Barriers and Building Blocks to Black Homeownership


When you look around our communities, you see sprawling buildings, businesses, and homes built on land that Native Americans viewed as “more valuable than money put here for us but didn’t belong to us.” Once taken, land became a commodity to be owned, built on and sold. Brick by brick, communities were built on the backs of slaves who laid the foundation for what we see today, hoping to one day be free and have a place of their own. Land for those enslaved symbolized invaluable opportunity and freedom for growth.

In an article originally published in The Roots by Henry Louis Gates, Jr., he asks, “try to imagine how profoundly different the history of race relations in the United States would have been had this policy (40 Acres and a mule) been implemented and enforced; had the former slaves actually had access to the ownership of land, of property; if they had had a chance to be self-sufficient economically, to build, accrue and pass on wealth. After all, one of the principal promises of America was the possibility of average people being able to own land, and all that such ownership entailed.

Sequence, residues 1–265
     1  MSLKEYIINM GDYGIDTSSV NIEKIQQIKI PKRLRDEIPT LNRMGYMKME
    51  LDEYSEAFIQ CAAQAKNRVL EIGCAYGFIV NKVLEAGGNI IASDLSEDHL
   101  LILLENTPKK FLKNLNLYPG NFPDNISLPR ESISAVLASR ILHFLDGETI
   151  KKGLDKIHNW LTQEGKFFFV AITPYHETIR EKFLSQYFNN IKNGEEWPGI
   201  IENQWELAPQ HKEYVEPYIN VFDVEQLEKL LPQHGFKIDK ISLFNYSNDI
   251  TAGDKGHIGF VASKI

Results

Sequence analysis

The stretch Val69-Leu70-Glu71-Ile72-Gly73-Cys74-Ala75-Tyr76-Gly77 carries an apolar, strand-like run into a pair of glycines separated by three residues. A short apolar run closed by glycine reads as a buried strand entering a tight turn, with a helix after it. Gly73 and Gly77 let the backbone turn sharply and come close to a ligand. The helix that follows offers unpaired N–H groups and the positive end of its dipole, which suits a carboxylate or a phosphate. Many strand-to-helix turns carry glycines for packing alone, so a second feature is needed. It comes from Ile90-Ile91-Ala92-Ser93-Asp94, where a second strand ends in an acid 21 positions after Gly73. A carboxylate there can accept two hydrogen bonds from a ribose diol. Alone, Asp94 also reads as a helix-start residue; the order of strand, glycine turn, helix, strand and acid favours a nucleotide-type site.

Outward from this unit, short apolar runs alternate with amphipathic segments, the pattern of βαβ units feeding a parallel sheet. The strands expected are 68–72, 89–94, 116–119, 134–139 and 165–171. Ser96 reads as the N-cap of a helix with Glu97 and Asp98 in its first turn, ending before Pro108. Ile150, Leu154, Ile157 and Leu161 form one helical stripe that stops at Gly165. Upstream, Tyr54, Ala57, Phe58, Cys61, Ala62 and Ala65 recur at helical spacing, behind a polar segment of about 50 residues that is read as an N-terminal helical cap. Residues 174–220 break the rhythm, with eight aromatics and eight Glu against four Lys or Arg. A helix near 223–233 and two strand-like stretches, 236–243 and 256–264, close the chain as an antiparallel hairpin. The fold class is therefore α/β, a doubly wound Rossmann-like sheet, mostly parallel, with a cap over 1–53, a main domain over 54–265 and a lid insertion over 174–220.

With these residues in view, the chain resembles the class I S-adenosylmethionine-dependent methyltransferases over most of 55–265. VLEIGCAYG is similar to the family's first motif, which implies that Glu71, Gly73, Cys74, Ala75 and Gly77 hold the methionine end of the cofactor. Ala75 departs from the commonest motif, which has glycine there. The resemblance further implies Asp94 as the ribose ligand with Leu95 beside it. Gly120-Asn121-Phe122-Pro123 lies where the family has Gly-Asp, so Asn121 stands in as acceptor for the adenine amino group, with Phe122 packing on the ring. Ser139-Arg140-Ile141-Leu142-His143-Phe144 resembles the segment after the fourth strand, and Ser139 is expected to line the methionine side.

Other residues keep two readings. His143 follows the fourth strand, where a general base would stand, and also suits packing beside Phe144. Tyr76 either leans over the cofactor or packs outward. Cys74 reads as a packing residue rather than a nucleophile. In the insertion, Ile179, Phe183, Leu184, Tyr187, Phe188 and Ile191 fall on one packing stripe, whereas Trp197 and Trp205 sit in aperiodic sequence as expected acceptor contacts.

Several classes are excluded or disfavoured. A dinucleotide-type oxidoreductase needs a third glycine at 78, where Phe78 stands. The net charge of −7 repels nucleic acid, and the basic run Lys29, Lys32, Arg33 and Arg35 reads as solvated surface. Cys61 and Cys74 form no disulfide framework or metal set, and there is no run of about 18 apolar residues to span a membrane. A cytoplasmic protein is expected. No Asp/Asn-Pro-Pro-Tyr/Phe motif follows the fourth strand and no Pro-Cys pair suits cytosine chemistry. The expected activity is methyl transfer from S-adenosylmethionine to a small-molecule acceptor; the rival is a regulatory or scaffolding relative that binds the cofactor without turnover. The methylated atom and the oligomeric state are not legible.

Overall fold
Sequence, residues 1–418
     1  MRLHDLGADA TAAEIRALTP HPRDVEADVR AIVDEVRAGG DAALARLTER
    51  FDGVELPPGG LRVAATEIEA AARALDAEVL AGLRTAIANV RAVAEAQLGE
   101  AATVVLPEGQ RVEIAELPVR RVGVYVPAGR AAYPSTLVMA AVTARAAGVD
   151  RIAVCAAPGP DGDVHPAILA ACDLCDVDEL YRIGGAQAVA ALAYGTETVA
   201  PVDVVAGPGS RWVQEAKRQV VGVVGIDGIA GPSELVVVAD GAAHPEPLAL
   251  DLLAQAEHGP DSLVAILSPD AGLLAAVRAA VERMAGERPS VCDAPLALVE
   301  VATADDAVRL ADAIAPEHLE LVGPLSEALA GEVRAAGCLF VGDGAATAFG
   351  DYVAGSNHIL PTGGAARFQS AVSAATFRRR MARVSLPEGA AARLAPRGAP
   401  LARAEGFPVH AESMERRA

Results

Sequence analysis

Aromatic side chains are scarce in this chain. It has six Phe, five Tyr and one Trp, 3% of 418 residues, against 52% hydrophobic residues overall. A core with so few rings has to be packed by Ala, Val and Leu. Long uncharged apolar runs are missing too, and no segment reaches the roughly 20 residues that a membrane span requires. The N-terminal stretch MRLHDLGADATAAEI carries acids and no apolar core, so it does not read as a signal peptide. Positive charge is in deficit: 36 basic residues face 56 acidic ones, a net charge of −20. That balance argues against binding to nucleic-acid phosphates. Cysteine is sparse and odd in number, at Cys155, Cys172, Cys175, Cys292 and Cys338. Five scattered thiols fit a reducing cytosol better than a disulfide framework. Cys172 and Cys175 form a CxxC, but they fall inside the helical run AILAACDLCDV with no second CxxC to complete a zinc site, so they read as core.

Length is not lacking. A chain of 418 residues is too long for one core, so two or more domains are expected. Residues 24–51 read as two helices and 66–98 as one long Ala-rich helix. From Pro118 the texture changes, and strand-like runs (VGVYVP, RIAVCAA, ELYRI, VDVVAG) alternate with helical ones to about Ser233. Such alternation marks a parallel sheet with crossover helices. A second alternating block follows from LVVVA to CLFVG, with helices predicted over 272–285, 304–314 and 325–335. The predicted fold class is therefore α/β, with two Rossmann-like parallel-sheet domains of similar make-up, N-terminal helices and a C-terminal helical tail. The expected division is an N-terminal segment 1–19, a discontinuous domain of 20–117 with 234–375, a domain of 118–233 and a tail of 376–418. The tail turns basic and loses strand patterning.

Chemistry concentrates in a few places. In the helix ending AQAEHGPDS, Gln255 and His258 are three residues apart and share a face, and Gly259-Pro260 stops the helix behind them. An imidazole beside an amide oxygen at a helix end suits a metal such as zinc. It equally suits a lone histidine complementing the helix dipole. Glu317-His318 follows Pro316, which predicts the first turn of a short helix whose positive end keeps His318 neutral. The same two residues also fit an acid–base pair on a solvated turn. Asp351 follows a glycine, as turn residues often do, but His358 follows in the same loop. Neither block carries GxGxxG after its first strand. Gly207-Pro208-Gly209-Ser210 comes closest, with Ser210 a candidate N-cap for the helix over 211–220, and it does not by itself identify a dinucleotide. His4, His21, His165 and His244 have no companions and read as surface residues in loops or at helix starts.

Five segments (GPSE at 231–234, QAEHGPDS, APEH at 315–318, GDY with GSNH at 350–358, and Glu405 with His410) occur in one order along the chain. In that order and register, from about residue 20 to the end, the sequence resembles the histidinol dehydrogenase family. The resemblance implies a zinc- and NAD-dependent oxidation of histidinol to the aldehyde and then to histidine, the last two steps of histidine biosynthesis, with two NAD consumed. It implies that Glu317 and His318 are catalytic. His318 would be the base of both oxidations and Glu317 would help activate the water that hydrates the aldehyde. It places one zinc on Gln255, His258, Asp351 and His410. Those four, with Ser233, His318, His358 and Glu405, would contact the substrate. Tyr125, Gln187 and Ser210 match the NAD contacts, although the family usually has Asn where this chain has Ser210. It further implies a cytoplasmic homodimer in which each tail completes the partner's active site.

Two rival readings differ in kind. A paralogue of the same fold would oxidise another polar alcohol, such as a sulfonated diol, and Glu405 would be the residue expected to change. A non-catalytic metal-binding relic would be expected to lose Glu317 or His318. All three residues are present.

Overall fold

Yet, their ancestors are still waiting for their 40 acres and a mule. Unfortunately, historically and even today, the chance to own property for many people of color is still unattainable and remains an American Dream. This reality has created a great divide between those who have and those who don’t. For those who do own property, it is a source of wealth.